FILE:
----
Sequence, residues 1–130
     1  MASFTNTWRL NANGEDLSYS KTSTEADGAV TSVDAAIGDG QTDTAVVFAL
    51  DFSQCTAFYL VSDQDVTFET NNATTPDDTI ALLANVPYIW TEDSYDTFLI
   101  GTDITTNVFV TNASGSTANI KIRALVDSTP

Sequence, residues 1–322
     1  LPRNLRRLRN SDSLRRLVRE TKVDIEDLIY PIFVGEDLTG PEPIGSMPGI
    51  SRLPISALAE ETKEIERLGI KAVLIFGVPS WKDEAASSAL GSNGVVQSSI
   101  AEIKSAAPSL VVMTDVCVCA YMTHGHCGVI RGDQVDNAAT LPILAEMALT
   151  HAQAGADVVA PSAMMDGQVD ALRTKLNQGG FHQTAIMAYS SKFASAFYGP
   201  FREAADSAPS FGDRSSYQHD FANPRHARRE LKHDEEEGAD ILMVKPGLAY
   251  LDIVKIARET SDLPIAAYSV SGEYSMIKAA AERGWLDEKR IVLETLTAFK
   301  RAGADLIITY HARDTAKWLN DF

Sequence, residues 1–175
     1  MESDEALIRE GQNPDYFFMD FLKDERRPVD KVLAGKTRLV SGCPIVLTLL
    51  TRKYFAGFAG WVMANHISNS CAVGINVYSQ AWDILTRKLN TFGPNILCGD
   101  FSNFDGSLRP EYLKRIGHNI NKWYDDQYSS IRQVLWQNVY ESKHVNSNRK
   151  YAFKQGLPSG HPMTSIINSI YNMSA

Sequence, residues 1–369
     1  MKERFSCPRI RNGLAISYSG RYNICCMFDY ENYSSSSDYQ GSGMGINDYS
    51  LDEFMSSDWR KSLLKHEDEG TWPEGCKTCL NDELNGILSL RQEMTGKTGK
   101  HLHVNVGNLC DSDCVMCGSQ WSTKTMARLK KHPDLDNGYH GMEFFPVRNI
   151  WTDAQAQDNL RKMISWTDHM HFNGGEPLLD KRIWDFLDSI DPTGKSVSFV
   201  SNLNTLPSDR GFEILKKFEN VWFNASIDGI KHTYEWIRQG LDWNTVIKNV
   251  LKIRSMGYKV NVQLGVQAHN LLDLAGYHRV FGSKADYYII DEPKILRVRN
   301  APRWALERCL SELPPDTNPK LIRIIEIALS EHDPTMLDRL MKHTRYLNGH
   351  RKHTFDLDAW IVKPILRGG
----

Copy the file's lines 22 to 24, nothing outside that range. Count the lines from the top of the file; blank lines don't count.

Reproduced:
   151  WTDAQAQDNL RKMISWTDHM HFNGGEPLLD KRIWDFLDSI DPTGKSVSFV
   201  SNLNTLPSDR GFEILKKFEN VWFNASIDGI KHTYEWIRQG LDWNTVIKNV
   251  LKIRSMGYKV NVQLGVQAHN LLDLAGYHRV FGSKADYYII DEPKILRVRN